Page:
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Title: Seasonal aspects relating to the use of macroalgae as a biofuel
Author: Redden, Hilary Louise
Awarding Body: University of Newcastle Upon Tyne
Current Institution: University of Newcastle upon Tyne
Date of Award: 2013
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To assess their suitability as a biofuel feedstock, principally for methane production from anaerobic digestion, this thesis investigates seasonal changes in biochemical composition of nine UK macroalgae; Ascophyllum nodosum, Fucus serratus, F. vesiculosis, Laminaria digitata, L. hyperborea, Mastocarpus stellatus, Palmaria palmata, Porphyra umbilicalis and Ulva lactuca. These represent three major phyla; Chlorophyta, Ochrophyta and Rhodophyta. This is the first analysis of seasonal biochemical changes in lypholized mass, fatty acid methyl esters (FAME), protein, soluble saccharides and anaerobic digestibility for the majority of the species listed. Biomass was sampled monthly over two years. Methods for analysing large sample sets were developed which reduced chemical usage and waste production. Statistical analysis was by ANOVA and the post-hoc Tukey method. There were differences (P<0.01) between species and overall mean lypholized weight ranged from 28.5 to 14.4 % and recovered FAME 3.32 to 0.70 %, protein 22.0 to 13.4 % and soluble saccharides 44.2 to 1.2 %. Within species, there were significant effects of year, season and month of collection. For anaerobic digestion, methane gas production varied between -1 species from 1.00 to 0.02 L g (P<0.01) and the percentage methane from 40.8 to 24.9 % (P<0.01). Macroalgae collected in winter and spring produced higher percentage methane (P < 0.05). Regression with subsets and principal component analysis of lypholized mass, fatty acid methyl esters (FAME), protein, soluble saccharides did not provide robust predictive models and other additional factors must influence methane gas production. Buffering was not required and stable anaerobic digestion was achieved in saline conditions of 35 ‰ with a pH of 7.0 to 7.6. Fucus serratus and F. vesiculosis suppressed the activity of the methanogenic biota compared to the control and the biochemical mechanisms employed by these species to achieve this merit further investigation. Laminaria digitata, L. hyperborea, Palmaria palmata and Porphyra umbilicalis show potential to be used as biofuel and large-scale biomass trials are recommended.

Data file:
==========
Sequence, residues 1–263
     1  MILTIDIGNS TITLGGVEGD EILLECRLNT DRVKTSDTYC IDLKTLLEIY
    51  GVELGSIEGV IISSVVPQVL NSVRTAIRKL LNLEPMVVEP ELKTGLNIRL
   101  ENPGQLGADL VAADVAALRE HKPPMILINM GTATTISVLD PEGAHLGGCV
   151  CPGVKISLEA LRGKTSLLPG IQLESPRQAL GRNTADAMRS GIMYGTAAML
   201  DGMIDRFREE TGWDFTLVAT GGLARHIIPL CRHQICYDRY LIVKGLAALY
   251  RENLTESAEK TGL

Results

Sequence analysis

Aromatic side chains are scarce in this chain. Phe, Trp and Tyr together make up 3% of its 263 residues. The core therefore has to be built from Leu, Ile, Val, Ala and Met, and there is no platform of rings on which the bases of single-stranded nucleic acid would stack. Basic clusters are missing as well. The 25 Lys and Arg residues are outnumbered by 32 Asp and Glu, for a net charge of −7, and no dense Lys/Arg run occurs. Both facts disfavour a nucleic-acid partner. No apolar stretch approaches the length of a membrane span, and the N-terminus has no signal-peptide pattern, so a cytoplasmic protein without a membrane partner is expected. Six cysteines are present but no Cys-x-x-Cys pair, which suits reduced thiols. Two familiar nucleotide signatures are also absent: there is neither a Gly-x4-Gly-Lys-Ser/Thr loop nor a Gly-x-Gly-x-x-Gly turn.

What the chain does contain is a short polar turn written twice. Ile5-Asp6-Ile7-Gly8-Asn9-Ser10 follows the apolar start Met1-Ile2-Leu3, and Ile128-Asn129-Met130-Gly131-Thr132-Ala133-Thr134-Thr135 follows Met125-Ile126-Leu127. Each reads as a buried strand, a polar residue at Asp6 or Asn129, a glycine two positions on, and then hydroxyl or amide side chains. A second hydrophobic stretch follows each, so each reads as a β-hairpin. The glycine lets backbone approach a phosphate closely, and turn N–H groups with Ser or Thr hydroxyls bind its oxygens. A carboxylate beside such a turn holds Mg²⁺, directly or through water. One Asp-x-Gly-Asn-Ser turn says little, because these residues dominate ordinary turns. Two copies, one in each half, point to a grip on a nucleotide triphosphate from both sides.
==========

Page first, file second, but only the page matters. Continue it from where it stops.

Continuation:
Supervisor: Not available Sponsor: Engineering and Physical Sciences Research Council
Qualification Name: Thesis (Ph.D.) Qualification Level: Doctoral
EThOS ID:  DOI: Not available